I do try to keep them away from the stuff they shouldn't have, sometimes they just outsmart me. lol
  9. klmno

    klmno Active Member

    Our vet told me that different dogs have different tolerances to these things. Also, he said that with things like coffee/coffee grounds and onions, it depends on the amount they gget a hold of. He said that most won't like the taste so if they are getting in the garbage, for instance, they might get a little of the coffee grounds, but they are really going for the table scraps. That makes sense, but I had an acquaintance whose cat got into a little bit of potato salad and the small amount of onion in that killed the cat. The vet verified that it could not have been anything else. My aunt gave her small dog leftover ham and the dog died- again, her vet verified that it was the ham.

    I had not known about grapes and raisens until the vet and I had this discussion a month or so ago. I think he also mentiioned cranberries but I'm not positive. Grapes stuck out in my mind because I had given a couple to one of my dogs before. I try to take note about stuff like this since a had a very beloved dog once that I fed a lot of table food (cooked, healthy for humans) to and he became diabetic at 3 years old. I was told that he probably had a genetic predisposition and the food I fed him obviously didn't kill him but it caused his pancreas to quit functioning normally and it stopped secreting insulin. After spending 7 years of giving him urine tests and shots of insulin twice a day, I try not to take the chance anymore.
  10. Hound dog

    Hound dog Nana's are Beautiful


    My dogs have eaten ham all their lives. Actually just baked an enormous ham yesterday. Didn't think a think about giving Rowdy the huge bone....all the dogs a bunch of the scraps...even gave a sm amount of scraps to the cats. Never been an issue.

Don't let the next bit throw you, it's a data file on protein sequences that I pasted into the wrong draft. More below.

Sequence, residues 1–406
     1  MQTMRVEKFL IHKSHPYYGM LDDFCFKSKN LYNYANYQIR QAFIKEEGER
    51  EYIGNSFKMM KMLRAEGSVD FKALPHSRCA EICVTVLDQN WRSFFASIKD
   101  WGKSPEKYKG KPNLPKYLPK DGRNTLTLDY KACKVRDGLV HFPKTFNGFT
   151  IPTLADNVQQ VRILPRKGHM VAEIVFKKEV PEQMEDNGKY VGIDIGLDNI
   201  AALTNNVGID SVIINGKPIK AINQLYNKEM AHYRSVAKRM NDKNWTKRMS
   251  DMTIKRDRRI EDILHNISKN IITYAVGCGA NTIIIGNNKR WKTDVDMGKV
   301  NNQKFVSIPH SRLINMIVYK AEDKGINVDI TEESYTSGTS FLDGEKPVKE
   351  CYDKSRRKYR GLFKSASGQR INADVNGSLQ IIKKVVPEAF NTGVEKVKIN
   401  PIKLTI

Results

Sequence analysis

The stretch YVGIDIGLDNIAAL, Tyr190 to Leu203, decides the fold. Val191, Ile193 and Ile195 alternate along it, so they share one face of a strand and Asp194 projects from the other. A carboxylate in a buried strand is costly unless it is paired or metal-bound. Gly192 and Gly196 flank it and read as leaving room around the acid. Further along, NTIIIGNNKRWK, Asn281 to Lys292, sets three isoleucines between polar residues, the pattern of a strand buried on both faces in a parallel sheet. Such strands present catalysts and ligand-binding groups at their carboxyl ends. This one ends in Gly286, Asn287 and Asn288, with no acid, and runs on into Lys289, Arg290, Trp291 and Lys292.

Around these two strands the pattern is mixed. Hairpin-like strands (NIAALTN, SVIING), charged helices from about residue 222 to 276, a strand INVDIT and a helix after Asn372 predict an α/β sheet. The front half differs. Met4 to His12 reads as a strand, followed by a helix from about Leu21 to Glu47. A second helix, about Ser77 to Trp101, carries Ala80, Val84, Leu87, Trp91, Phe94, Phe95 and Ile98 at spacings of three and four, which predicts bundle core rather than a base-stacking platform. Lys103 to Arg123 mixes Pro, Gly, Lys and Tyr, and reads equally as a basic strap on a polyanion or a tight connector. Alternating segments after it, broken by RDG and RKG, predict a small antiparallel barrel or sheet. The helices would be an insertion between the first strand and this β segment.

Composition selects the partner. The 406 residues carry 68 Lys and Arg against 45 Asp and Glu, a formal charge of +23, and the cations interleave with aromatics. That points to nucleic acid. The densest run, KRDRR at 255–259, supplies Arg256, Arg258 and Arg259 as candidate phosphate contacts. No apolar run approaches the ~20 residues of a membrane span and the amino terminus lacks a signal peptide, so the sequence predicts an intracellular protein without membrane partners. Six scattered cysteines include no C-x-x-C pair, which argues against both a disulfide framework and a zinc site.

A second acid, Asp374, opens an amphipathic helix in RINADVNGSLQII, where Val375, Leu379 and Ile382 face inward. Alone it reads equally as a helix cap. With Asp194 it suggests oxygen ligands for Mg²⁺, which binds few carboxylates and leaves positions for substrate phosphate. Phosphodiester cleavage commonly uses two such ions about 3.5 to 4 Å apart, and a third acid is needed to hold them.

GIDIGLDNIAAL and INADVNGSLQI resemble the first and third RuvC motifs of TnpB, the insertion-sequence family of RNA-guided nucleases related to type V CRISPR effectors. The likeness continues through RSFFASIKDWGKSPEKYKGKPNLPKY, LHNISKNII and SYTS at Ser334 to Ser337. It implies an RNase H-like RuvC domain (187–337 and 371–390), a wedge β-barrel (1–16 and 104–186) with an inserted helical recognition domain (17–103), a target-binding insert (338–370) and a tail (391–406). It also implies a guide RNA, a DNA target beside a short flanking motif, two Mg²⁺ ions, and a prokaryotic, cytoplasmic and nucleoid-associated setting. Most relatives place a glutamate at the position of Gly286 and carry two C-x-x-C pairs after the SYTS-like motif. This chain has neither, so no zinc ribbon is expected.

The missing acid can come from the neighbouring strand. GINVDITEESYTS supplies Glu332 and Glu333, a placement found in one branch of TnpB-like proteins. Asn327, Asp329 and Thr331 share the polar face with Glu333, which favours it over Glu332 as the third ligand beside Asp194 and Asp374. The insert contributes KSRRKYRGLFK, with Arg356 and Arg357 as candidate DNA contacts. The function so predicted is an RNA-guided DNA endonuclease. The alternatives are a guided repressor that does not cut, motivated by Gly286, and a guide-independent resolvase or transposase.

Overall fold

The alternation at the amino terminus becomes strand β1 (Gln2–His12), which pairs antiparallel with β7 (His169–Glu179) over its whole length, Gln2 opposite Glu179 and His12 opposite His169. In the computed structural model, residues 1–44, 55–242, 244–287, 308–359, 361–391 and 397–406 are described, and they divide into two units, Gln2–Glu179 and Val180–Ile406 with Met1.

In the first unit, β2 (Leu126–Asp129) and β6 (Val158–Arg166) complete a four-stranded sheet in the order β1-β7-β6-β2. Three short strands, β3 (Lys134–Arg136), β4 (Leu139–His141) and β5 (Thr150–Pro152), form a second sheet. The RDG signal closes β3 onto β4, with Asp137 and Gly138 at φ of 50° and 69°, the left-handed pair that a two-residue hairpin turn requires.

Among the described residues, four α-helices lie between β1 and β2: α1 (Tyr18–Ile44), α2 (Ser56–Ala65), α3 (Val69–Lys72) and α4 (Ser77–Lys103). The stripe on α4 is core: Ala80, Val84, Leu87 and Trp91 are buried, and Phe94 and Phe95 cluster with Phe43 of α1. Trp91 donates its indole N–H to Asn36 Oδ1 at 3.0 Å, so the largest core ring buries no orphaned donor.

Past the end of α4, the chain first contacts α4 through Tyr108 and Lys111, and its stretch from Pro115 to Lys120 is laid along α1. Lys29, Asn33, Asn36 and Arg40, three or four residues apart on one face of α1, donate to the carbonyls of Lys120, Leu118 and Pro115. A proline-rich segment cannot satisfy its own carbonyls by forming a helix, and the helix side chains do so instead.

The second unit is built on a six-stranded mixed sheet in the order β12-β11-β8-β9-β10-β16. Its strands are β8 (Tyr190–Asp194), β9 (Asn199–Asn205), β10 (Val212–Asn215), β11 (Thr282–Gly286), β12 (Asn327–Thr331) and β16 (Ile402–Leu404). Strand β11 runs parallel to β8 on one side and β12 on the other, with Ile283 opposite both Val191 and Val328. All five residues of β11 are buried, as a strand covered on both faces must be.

11. klmno

    klmno Active Member

    That's what my aunt said she did, too. Maybe it was just a fluke or a pet-peeve with her vet, I don't know- but he told her that dog's don't digest ham like other meats and it builds up (or something like that) in their digestive systems and eventually, it can kill them. I have heard other vets say pork is not good and some don't make issue of it. I thinnk maybe it's like chocolate, in the sense that some it kills and some it doesn't- I have given many a dog a bite of chocolate and NONE have gotten sick or died from it. However, I have heard from several reputable sources that it can kill a dog.
  12. GoingNorth

    GoingNorth Crazy Cat Lady

    Small amts of MILK chocolate are very unlikely to harm a healthy dog. Dark chocolate is another story, and as little as one square of baking chocolate has been known to kill dogs, especially small ones.

    With onions the risk is of causing a blood disorder called Heinz Body Anemia. This applies to both cats and dogs. In fact, it is now recommended that human infants not be given onions or garlic in the first year or two of life.

    That said, a touch of onion or garlic powder is unlikely to be a problem.